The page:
'We need a better after-care service'
Your reaction to last week's Ofsted changes depends on your experiences of the schools watchdog. Dorothy Lepkowska canvassed the opinion of a politician, an academic, a former inspector, a sixth form student and leaders of a variety of different schools
Michael Gove Shadow Secretary of State for Children, Schools and Families
Ofsted is enjoying strong leadership at present and inspection is a vital tool in driving up standards and ensuring that our schools are accountable and look to the future.
In our document "Raising the Bar, Closing the Gap", published last year, we suggest that a rigorous inspections process be maintained. We need a system where our teachers and, by implication, every subject and year group benefit from in-depth analysis about where there is room for improvement. Inspections should, therefore, be more detailed and last longer, with every teacher being observed in class.
But we also believe that Ofsted should develop more light-touch inspections for those schools that are doing well. And we are considering unannounced inspections to secure a more accurate snapshot.
Ofsted has been given more responsibilities over the past few years, but more needs to be done. It would be a pity if it became too pre-occupied with bureaucracy and getting schools to tick boxes.
The best Ofsted report should not only show up weaknesses in a school, but also point out areas for improvement. There is an argument that perhaps the expertise of inspectors could be harnessed to help schools to improve.
Sarah Fulcher Student at Kingsbrook College, Milton Keynes
Our school had an Ofsted inspection in March. I am one of the sixth-form leadership team and we were invited to an interview with inspectors, who wanted to find out about student voice and what impact we have on school policies.
Overall, I think Ofsted is a good thing. I like the fact that schools don't get much notice because quality assurance should be part of their day-to-day work and something they should be thinking about all the time.
We knew some days before that inspectors would be coming. By the time the inspection happened, there was a sense of release and a general feeling of determination that we were going to show them what a good school this is.
I can see the point of schools self-evaluating their work, but at the same time I would worry about bias if teachers were expected to inspect each other. I don't see any harm in someone coming in from outside and giving their opinions. Ideally, self-evaluation should work hand-in-hand with external inspection.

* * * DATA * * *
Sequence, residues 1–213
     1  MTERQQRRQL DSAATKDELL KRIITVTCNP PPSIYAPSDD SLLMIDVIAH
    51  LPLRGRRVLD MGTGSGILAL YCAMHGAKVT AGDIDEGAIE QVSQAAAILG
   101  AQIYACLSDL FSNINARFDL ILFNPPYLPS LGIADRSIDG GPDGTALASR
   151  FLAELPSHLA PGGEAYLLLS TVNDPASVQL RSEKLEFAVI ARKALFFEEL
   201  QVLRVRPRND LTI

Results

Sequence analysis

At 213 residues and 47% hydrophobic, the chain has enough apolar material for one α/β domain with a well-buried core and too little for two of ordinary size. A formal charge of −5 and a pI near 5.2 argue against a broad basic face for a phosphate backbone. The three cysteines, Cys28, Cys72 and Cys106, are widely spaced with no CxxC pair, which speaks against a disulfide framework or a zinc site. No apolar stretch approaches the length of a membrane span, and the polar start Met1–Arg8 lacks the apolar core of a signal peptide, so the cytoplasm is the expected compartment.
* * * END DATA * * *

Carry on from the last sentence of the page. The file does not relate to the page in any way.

One thing I might change is the regularity of inspections. They seem to take place every two or three years, but a better way to ensure quality might be random checks once a term or twice a year.
Paul Baker Deputy head at St Aidan's Catholic School and language college, Sunderland
Our school had an inspection last November. Initially, we were very pleased with the way it went and the feedback we received from shared lesson observations.
However, inspectors found a problem with the way we stored our criminal records bureau checks, and as a result we were given a "notice to improve". We rectified the problem within a few days, but so far our requests for an early re-inspection have not been heeded, and the uncertainty leaves our re-designation as a language college hanging in the balance.
This is a school with an excellent reputation, but the inspection left us devastated. Ofsted does not seem able to deal with such situations in a proportionate manner. This needs to change.
Inspections should also involve practitioners - for example, school improvement partners who are serving heads - who understand how a school works on a day-to-day basis. There ought to be a requirement for inspectors without recent experience in school to shadow headteachers. Inspectors seem to be getting an ever wider brief, and schools should be concerned about what qualifies them to judge.
We were also surprised that no maths lesson was observed here, especially as ministers put such an emphasis on core subjects.
I don't believe that the length of inspections or the notice period should be changed, but some thought needs to be put into Ofsted's purpose. If it is genuinely to help schools improve, then a better after-care service is needed.
Sue Morrison Head of John Fielding Special School in Boston, Lincolnshire
What concerns me most is that last time we had a visit, there was only one inspector. If we had not had a good relationship with her, it could have affected the outcome.
I like school self-evaluation because it focuses the mind. Sometimes schools know that they are doing something well or that a certain policy works, but they don't necessarily know why.
We all have school improvement partners now. It would be good if they could play a bigger role in inspections. They already provide an external, unbiased view.
What really concerns us is the persistence in judging our pupils on the same criteria as other children. Pupils here will only ever get a level 4 for achievement, so their attainment cannot be measured by test success. What needs to be taken into account is their pattern of development and the quality of the care and education they get here.
So inspectors should look at how we assess pupils, how we monitor their progress and set targets, and the outreach work we do with families. They also need to judge us on how far we take pupils, how we enhance their lives. Our pupils are never going to get a level 5, so there is no point in judging them against strict exams criteria.